2021 World Athletics Indoor Tour: Liévin

5 Biggest Questions About The Lievin World Indoor Tour

5 Biggest Questions About The Lievin World Indoor Tour

Sifan Hassan is back, Mondo Duplantis faces a tough field, Jakob Ingebrigtsen takes on a world record holder and Grant Holloway's chance at history.

Feb 8, 2021 by Kevin Sully
5 Biggest Questions About The Lievin World Indoor Tour

The World Athletics World Indoor Tour makes its next stop in Lievin, France on Tuesday with strong fields featuring Olympic champions and world record holders.  

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The limited racing schedule has made it difficult to figure out just how fit many of the top athletes are, but the quality of the names alone will make this meet worth watching. With so much uncertainty, there are questions across the board. Here are the five of the biggest for Tuesday’s meet.

Can Sifan Hassan Recapture Her 2019 Form?

Even by 2020 standards, Hassan had a strange season. She dropped out of the 5000m in Monaco, the first sign of vulnerability we’d seen from her in recent memory. Then, she broke the world record in the one hour run, which is a hard thing to quantify because none of us know quite what to do with a one-hour world record. She closed out her season with a definitive 29:36 in the 10,000m. That race, in poor conditions in Hengelo, was a clear sign that the Hassan from the 2019 World Championships in Doha was very much still with us. 

Hassan was racing at such a high level that it is both appropriate and unrealistic to expect her to continue on that path. Tuesday’s meet won’t answer that completely, though competition from steeplechase world record holder Beatrice Chepkoech means this race won’t be a training run for Hassan.

Will Grant Holloway Break The 60m Hurdles World Record?

I’m not sure if the mark of 7.30 (from Colin Jackson in 1994) is on Holloway’s radar, but it’s got my attention. Two weeks ago he opened with a 7.35, equaling his American record. Holloway thrives indoors and has always been good at the 60m distance (see his 60m/60m hurdle sweep from the 2019 NCAA Indoor Championships). 

Fractions of a second are hard to come by when you are already moving that fast, but I don’t need much convincing that Holloway can be .05 seconds faster than he was two years ago when he was competing in four events and rarely seemed to have time to take a breath. He will face Andrew Pozzi, Orlando Ortega and Wilhem Belocian on Tuesday—all capable of running in the 7.4s.

Will Mondo Go Full Mondo?

Mondo Duplantis’ 2020 had everything short of a major championship. The 2020 World Athletics Men’s Athlete of the Year made six meters look routine in the pole vault and set the world record on three occasions (twice indoors and once outdoors). Unfortunately for him, it came in a season that did not offer the chance at a gold medal.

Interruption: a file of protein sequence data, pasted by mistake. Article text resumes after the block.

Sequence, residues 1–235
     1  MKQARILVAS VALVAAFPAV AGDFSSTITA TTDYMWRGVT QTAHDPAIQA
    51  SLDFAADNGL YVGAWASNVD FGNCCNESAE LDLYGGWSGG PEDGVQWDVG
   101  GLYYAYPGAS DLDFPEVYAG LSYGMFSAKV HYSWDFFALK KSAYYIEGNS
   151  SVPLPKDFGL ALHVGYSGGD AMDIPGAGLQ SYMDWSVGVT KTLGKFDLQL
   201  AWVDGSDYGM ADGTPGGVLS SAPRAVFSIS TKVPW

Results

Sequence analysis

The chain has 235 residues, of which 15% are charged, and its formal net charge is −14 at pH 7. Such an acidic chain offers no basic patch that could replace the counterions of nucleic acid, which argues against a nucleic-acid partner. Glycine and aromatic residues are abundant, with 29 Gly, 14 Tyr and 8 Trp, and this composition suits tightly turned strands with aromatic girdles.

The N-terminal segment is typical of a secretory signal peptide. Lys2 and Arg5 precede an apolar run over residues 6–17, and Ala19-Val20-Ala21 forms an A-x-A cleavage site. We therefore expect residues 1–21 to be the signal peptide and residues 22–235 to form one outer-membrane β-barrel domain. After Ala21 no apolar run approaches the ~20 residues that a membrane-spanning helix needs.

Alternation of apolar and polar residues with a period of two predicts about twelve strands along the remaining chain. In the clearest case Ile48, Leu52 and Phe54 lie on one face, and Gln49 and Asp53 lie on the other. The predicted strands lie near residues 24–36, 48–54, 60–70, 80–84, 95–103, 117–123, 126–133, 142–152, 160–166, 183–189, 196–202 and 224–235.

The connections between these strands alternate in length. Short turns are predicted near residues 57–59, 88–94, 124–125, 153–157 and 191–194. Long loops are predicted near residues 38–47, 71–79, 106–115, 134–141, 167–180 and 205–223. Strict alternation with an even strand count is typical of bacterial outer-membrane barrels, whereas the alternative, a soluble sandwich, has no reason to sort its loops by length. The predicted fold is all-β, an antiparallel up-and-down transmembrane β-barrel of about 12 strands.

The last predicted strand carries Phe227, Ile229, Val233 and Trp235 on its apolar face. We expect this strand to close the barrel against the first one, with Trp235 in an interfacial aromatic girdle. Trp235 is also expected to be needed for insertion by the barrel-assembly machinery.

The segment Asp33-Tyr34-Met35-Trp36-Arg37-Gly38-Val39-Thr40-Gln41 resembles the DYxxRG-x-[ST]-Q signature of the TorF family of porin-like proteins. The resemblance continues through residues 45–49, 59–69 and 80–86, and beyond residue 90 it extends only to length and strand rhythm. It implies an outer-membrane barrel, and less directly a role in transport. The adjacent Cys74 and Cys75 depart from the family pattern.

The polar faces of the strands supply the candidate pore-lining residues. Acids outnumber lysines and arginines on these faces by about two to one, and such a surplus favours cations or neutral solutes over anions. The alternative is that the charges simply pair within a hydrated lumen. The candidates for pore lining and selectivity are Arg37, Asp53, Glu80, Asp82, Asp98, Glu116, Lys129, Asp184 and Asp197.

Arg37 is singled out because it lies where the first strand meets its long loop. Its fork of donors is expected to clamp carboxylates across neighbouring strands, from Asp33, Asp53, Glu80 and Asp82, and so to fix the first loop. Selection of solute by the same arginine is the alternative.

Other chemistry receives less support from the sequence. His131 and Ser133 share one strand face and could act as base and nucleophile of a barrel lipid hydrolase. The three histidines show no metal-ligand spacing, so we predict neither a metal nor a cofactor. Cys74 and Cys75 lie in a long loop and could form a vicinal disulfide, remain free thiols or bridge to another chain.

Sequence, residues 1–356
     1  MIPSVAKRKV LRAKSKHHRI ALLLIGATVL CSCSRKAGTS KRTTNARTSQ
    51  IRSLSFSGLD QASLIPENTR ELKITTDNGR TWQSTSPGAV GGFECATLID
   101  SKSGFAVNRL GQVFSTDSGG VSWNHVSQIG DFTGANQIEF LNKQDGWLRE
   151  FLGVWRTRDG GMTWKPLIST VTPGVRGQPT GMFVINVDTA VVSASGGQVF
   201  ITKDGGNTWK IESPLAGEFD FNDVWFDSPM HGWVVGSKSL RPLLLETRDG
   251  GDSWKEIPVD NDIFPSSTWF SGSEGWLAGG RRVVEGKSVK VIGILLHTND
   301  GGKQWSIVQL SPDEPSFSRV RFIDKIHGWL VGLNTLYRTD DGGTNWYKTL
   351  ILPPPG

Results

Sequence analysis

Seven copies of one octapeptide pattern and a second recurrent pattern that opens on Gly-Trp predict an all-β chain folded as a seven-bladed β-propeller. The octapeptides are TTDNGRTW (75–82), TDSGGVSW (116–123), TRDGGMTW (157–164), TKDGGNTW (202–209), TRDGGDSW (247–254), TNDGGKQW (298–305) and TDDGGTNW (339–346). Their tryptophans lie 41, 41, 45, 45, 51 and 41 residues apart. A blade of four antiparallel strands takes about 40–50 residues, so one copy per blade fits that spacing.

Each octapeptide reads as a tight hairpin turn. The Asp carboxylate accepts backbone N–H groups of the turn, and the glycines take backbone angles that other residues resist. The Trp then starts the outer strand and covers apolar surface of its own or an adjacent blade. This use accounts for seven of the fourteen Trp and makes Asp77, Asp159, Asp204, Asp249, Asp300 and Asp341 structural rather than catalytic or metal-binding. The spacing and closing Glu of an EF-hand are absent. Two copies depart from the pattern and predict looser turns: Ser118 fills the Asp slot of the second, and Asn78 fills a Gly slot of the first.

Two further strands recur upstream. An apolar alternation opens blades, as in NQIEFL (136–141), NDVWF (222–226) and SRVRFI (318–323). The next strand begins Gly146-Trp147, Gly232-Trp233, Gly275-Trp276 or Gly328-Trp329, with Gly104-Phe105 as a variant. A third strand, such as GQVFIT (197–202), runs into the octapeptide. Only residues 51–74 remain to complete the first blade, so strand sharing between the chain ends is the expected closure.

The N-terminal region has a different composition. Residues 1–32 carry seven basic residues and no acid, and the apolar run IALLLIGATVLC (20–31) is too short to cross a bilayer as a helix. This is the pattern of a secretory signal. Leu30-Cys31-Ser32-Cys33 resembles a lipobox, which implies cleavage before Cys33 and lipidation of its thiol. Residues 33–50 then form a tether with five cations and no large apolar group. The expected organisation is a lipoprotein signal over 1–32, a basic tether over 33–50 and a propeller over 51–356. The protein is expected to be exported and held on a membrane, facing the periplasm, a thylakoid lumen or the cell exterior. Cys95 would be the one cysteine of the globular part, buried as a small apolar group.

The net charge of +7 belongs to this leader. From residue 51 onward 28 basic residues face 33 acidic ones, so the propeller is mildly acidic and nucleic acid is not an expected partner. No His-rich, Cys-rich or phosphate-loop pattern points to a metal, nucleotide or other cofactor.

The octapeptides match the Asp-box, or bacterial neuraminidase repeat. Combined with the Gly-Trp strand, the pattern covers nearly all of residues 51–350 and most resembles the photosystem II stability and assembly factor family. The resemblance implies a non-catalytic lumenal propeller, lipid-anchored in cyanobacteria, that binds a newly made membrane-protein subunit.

Thus far, his 2021 is living up to last year. He cleared 6.01m in Dusseldorf and 6.03m in Rouen, both in victory. Lievin will be a step-up in competition with Sam Kendricks, Renaud Lavillenie, Piotr Lisek and Thiago Braz on the start list. The veteran Lavillenie has already looked sharp, jumping 6.02m in Karlsruhe. 

Other field events to watch include newly minted world record holder Hugues Fabrice Zango in the men’s triple jump, Juan Miguel Echevarria in the men’s long jump and Holly Bradshaw in the women’s pole vault. 

Can Keely Hodgkinson Back Up Her Sub 2?

American track fans have been closely following the exploits of 18-year-old Athing Mu in the 400m and 800m. 

Great Britain, meanwhile, has a teenager half-mile star of their own in Hodgkinson. Just 18-years-old, she ran 1:59.03 in Wien. The mark is the fastest time in the world. 

Waiting for her on the start line in Lievin will be her country’s best 800m runner in Jemma Reekie. Reekie ran 1:57.91 in a massive breakout performance indoors at the beginning of 2020. The pandemic cut short her rise, but the 24-year-old will have plenty of opportunities to re-introduce herself to the running world.

What Will Jakob Ingebrigtsen Look Like In His Debut?

The 20-year-old from Norway will jump into the deep end in the 1500m, squaring off against the world record holder in the indoor 1500m, Samuel Tefera of Ethiopia. 

Neither man has a recorded result so it’s anyone’s guess who is fitter right now. Ingebrigtsen rarely has a bad race and Tefera obviously has an affection for racing indoors. Ingebrigtsen’s brother, Filip, will join him in the race as will Marcin Lewandowski of Poland, the bronze medalist in this event from the 2019 World Championships.